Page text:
Despite the anxiety of the nuclear age, peacetime unleashed a torrent of energy and domestic production. Large-scale government programs such as the G.I. Bill lifted millions out of poverty and into the suburbs. Yet something was missing. Television hinted at what it might be with its low-key sexualization of commodities. Advertisers discovered that nothing sells so well as when it is subtly associated with the female body, even if it has no individual essence.
Ownership of mass-produced products created a placeless community of consumers. “Men who never saw or knew one another,” wrote Daniel Boorstin, “were held together by their common use of objects so similar that they could not be distinguished even by their owners.” Never before had so many people determined their identity in such a thin and artificial way.
White children born after the war were the first in history to grow up in such relative affluence, the first to be raised under Dr. Spock’s permissive ideas, the first to expect an extended adolescence in college — and the first to deeply question the values and motives of their parents.
Circumstances were preparing the ground for the emergence of the youth culture. The early 1950s witnessed a convergence of unique factors, starting with the baby boom. From 1947 until 1980, the population of thirteen to thirty-year-olds would increase every year. By 1956, thirteen million teens would be spending $7 billion/year. They had no memory of the Depression or the war. But they were aware that nuclear war might instantly negate everything, and they had no instinct to save money. At a deeper level, however, their bodies were about to explode in the universal, if inchoate, cry for initiation. By 1960, three-quarters of movie audiences would be teenagers, prompting a Hollywood executive to complain, “It’s getting so show business is one big puberty rite.”
Rural America’s population declined steeply. Between 1945 and 1970, 25 million people would leave the farms forever. Advertising and cheap mortgages (for whites) made possible by the G.I. Bill convinced everyone that cars were a necessity. But the new mobility contributed to the breakdown of urban, ethnic communities. In previous migrations, large, multi-generational groups had moved together, following two persistent themes of American myth: cities were no good; and one could always make a new start by settling the wilderness. Indeed, by the mid-1950s, city life in the popular imagination was encapsulated by Ralph Kramden’s cramped apartment in The Honeymooners TV show. Meanwhile, Father Knows Best, Ozzie And Harriet, etc, presented suburbia as the Promised Land.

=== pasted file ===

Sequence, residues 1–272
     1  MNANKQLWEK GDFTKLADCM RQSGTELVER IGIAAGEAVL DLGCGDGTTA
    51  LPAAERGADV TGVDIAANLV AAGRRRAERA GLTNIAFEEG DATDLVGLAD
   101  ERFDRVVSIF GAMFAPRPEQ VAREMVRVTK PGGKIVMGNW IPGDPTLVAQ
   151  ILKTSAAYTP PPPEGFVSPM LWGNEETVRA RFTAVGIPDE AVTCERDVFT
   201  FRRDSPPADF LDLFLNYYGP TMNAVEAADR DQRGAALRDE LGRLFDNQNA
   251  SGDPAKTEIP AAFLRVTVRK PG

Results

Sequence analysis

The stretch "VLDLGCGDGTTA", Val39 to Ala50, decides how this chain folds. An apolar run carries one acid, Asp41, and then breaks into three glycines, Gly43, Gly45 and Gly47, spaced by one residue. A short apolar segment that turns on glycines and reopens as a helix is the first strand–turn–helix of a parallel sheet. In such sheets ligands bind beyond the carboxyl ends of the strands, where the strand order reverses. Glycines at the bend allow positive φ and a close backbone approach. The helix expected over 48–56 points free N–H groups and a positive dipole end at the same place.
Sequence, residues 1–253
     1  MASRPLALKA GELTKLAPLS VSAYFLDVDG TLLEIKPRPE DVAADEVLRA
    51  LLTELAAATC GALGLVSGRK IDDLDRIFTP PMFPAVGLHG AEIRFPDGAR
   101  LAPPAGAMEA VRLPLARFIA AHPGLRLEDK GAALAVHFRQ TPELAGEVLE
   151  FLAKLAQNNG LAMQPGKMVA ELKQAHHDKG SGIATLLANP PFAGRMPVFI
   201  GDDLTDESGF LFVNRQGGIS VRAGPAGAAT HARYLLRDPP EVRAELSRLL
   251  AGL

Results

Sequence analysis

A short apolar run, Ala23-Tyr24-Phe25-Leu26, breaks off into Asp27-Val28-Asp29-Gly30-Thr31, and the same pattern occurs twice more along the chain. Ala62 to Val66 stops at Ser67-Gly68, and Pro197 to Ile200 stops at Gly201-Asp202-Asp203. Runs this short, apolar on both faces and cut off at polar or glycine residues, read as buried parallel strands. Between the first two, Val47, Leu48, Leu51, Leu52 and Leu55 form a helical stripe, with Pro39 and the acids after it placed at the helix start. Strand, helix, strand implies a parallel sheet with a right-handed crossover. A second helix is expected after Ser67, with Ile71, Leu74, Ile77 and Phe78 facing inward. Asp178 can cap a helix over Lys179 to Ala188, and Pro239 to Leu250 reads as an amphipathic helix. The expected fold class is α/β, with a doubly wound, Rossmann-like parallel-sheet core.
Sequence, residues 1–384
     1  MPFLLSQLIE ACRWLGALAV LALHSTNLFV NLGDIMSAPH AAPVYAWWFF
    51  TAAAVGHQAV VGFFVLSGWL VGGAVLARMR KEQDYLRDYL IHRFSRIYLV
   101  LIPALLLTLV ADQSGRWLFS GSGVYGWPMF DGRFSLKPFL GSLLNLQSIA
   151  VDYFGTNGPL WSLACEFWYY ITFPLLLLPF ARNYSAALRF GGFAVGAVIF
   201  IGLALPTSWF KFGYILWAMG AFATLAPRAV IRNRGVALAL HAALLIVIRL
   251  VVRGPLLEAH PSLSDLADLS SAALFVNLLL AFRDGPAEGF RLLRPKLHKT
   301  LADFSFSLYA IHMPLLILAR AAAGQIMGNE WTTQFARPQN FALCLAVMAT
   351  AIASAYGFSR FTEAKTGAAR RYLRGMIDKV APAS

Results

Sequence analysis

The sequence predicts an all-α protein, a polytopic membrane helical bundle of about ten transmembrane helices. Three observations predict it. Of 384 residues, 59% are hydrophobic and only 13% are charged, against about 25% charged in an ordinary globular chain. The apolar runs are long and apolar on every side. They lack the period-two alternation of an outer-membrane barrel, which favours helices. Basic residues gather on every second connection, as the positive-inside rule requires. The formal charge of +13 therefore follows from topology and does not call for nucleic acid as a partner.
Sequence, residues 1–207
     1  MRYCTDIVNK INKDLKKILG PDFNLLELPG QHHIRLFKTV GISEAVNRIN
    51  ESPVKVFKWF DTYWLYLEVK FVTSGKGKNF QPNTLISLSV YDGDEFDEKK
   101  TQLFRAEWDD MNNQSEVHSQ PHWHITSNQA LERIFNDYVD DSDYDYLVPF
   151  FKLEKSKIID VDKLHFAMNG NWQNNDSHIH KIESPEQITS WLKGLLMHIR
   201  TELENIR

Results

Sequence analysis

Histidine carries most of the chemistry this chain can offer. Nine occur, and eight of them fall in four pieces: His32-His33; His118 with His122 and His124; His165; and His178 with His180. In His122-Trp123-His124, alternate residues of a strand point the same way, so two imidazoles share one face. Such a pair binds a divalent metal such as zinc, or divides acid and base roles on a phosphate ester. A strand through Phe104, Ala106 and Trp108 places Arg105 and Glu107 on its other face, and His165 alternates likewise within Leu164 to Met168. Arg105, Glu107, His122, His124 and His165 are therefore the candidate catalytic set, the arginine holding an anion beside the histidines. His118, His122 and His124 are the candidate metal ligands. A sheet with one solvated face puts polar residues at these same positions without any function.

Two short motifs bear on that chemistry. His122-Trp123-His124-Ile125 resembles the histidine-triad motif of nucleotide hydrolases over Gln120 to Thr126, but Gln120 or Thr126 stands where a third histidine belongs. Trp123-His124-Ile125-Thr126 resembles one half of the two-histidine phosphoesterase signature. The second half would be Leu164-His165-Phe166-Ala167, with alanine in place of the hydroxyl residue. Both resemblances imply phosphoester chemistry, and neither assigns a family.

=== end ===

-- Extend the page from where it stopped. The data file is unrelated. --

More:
Suburban whites attempted to live within cocoons of unexamined privilege, rarely encountering an African- or Mexican-American except as a servant. This isolation perpetuated racist beliefs and kept white cultural norms invisible. In 1963, two out of three whites would tell pollsters that blacks were treated equally, and ninety percent believed that black children had equal educational opportunity.
But this escape from the inner cities had a different intention and a different result. Countless young couples left the ethnic accents and recipes of their parents behind. They were no longer “hyphenated Americans,” but simply Americans. As this happened, a generation of children grew up missing the experience of living with extended families. They lost connection to elders, who were being exiled to retirement communities or nursing homes. The nuclear family was essentially little more than an isolated consuming unit. And yet the new emphasis on individualism was negated by relentless advertising pressure that channeled most personal choices toward conformism.
“Organization men” gave their allegiance to corporations and uprooted their families from one suburb to another whenever their jobs changed. William Whyte wrote that they “left home spiritually as well as physically, to take the vows of organization life.” IBM executives would joke that the initials of their company stood for “I’ve been moved.”
Something else was disappearing – the oral tradition. Previous generations had learned their myths (and their history, which were often the same thing) by listening repeatedly to storytellers. And as the unmediated, oral transmission of culture was dying out, technology was making it easier for white youths to encounter the cultural creations of the Other. By 1955, three-quarters of households would have TV. Sales of transistor radios would rise from 100,000 units in 1955 to 5,000,000 by the end of 1958. By 1960, American companies would sell ten million portable record players a year.